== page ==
Arnon Milchan: Hollywood producer's starring role as 'spy'

Arnon Milchan standing in front of a crowd
Image caption Arnon Milchan, shown at a film premiere in 2005, talks about his undercover work

Known in Israel as the Chuck Norris of the intelligence services, Hollywood producer Arnon Milchan has revealed his starring role - as a spy.

On Monday, Milchan broke a taboo by speaking on television about his work as an undercover agent.

"I did it for my country and I'm proud of it," Milchan said on an Israeli investigative programme called Uvda.

Before his appearance on the programme, he was best known for his work in the film business - and for a string of successes that include Pretty Woman, Fight Club and LA Confidential.

Over the years he has produced more than 120 movies, working with directors such as Martin Scorsese, Roman Polanski and Oliver Stone.

As it turns out, he was moonlighting. "If people knew how many times I risked my life, back and forth, again and again, for my country," he said on the programme.

Milchan - who is said to have a net worth of more than $4bn (£2.5bn) - confirmed that Shimon Peres, now Israel's President, recruited him in the 1960s.

Formerly the head of a fertiliser company, Milchan was asked to help the Bureau of Scientific Relations, an organisation created to supply Israel's nuclear programme.

Israeli intelligence has not commented publicly on his interview.

But film industry figures were not exactly shocked by Milchan's disclosures, describing his work as "the worst-kept secret" in Hollywood.

Still the television appearance was an unusual twist - for a spy, as well as for a producer.

Filmmaker Robert Greenwald has known Milchan for years. He is "incredibly charming", says Greenwald. "He has that thing that some successful people have - he's able to read people quickly."

Image caption Arnon Milchan, shown here with Justin Timberlake in 2013, had a double life

Greenwald, who is head of Brave New Films, understands that people go through phases and have secrets.

Still, he says that he was surprised by the revelations about Milchan: "It was not an everyday Hollywood, run-of-the-mill event."

Don Murphy, the producer of Natural Born Killers (as well as Transformers - and the upcoming Vampire Academy), has also known Milchan for years. Yet Murphy did not sound shocked. As he says, spies and producers have much in common.

He says: "A producer just has to do whatever's necessary to get [expletive] done. And if you're James Bond, you also have to focus on getting [expletive] done."

Tricia Jenkins, author of a book called The CIA in Hollywood, also says that producers and spies have similar traits.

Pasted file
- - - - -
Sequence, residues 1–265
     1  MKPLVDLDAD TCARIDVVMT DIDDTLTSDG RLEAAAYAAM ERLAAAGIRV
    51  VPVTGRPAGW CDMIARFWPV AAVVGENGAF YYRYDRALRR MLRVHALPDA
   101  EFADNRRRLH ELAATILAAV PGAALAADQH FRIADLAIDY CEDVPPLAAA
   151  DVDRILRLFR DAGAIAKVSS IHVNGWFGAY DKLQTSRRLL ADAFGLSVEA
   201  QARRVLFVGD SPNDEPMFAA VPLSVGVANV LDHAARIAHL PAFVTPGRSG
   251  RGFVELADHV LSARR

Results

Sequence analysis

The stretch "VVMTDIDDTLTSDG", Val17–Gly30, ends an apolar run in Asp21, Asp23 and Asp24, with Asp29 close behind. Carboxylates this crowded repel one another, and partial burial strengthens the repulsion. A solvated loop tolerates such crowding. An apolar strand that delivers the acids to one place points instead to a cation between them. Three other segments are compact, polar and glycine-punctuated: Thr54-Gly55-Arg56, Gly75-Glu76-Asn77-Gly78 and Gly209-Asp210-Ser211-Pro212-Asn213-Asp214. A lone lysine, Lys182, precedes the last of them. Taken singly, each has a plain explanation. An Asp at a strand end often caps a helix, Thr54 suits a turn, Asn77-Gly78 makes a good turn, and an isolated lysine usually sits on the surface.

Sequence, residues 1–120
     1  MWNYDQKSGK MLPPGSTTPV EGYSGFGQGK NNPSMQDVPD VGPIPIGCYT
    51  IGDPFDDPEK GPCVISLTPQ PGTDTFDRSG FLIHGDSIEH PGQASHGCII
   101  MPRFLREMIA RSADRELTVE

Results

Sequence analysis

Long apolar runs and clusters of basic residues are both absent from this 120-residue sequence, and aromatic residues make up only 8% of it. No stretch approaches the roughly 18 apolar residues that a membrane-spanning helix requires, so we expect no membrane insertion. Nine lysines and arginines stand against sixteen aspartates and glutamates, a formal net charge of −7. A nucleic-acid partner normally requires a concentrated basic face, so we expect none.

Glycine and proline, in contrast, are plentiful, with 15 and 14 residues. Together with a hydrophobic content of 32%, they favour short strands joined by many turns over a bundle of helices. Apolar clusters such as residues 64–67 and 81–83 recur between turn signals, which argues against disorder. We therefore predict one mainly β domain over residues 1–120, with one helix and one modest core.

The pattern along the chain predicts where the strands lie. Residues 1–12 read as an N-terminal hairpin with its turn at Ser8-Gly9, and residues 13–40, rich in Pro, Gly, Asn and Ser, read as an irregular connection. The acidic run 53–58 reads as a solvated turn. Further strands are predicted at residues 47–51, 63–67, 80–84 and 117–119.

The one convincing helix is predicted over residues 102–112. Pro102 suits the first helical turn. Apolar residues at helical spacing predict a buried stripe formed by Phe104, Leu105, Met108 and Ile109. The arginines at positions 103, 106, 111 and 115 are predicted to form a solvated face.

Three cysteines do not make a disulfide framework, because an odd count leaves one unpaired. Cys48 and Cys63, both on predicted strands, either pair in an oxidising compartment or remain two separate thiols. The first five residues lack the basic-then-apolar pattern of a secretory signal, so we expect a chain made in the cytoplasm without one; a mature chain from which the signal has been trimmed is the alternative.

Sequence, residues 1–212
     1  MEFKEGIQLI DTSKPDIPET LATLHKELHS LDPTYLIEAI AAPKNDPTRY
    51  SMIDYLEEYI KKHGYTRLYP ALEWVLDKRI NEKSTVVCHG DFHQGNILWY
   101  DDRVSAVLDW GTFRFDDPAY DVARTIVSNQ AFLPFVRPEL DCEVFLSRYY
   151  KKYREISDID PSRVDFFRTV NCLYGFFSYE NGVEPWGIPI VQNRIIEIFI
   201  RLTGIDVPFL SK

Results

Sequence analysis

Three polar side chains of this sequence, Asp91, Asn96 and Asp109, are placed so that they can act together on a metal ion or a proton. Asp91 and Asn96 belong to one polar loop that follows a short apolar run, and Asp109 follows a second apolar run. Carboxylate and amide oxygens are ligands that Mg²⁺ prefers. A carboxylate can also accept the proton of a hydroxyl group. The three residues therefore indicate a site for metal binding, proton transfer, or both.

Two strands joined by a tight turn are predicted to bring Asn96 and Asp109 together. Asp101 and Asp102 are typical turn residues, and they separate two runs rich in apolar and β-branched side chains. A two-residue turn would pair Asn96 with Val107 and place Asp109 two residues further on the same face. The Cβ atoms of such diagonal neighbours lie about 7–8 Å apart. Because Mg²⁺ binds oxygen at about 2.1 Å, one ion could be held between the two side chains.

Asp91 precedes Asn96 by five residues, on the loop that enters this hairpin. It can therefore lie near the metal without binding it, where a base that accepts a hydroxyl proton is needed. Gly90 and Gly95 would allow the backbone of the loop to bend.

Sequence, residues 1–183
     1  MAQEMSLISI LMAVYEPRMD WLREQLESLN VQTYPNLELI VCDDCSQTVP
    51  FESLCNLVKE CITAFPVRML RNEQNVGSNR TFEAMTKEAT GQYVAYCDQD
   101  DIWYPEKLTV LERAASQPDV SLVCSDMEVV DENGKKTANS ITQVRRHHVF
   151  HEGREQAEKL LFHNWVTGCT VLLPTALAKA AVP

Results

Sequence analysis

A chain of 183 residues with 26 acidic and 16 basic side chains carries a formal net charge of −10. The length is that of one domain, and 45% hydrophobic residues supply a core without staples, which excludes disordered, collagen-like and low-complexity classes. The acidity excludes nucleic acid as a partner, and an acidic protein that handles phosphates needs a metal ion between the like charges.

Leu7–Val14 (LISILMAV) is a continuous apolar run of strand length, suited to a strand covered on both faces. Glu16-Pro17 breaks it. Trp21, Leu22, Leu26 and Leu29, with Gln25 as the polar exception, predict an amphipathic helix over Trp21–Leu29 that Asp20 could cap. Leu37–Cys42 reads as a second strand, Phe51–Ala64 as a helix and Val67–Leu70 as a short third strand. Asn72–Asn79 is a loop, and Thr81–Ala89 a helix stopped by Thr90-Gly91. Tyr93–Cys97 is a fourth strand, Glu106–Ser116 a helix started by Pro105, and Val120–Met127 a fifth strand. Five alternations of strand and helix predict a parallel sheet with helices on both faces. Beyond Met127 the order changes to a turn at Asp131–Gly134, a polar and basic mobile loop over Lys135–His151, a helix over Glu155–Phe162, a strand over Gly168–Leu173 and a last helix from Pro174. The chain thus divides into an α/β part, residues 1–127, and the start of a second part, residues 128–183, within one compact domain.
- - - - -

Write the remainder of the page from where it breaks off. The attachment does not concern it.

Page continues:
"They're both in the same game," she says. "They create convincing stories out of nothing. They're very good liars, and they're really good storytellers."

In Ben Affleck's film, Argo, a CIA officer and others pretend to be part of a movie crew - and manage to get out of Tehran during the 1979 hostage crisis.

Image caption In Ben Affleck's Argo, a CIA officer acts like he is in show business

In a similar way Milchan used his Hollywood work as a cover. Then it became "a full-blown second career", according to the New York Times.

It is one thing to use a company or industry as a cover. Spies and producers both see advantages in that. But talking about spy work is different - and is viewed with suspicion, whether in Hollywood, Tel Aviv or Langley.

In his 1984 book, Confessions of a Dangerous Mind, game-show creator Chuck Barris (The Dating Game, The Gong Show) claimed to be a CIA hit man. He is routinely asked to verify, or deny, this claim - though he never has.

This week people in Israel have been sceptical about Milchan's claims. Amir Oren, a Haaretz correspondent, warns the BBC about "the overstated description of his undercover role". (Milchan was travelling and could not be reached for comment, says his assistant Jane Bulmer.)

In the film Wag the Dog, a Hollywood producer (Dustin Hoffman) gets involved in a covert operation. He helps to stage a war. Afterwards he wants desperately to tell people. Spoiler alert: for him, things end badly.

Milchan said on television that he felt compelled to tell his secrets. He said he had felt maligned in Hollywood where people believed - mistakenly, he said, that he sold weapons on the global market.

"Instead of someone talking to me about a script, I had to spend half an hour explaining that I'm not an arms dealer," he said.

Image caption James Bond and other fictional spies have much in common with movie producers

Predictably a script has been written about his quandary. A Los Angeles writer, Eric Hamburg, who once worked with Stone, wrote a screenplay, The Uzi Factor, about Milchan in the mid-1990s.

Hamburg, who has met Milchan, has been "tweaking" the screenplay over the years. (It has not yet been sold.)

In the screenplay a fictionalised character, loosely based on Milchan, is an arms dealer - and in this way reflected the conventional wisdom in Hollywood.

In the screenplay movies offered him a chance for redemption. "It's about more than making money. It's even about more than laundering money," says the fictional character. "It's about laundering my image."

On television Milchan also came clean. He made it clear he is not an arms dealer, but a spy. Now people can decide how they feel about that.

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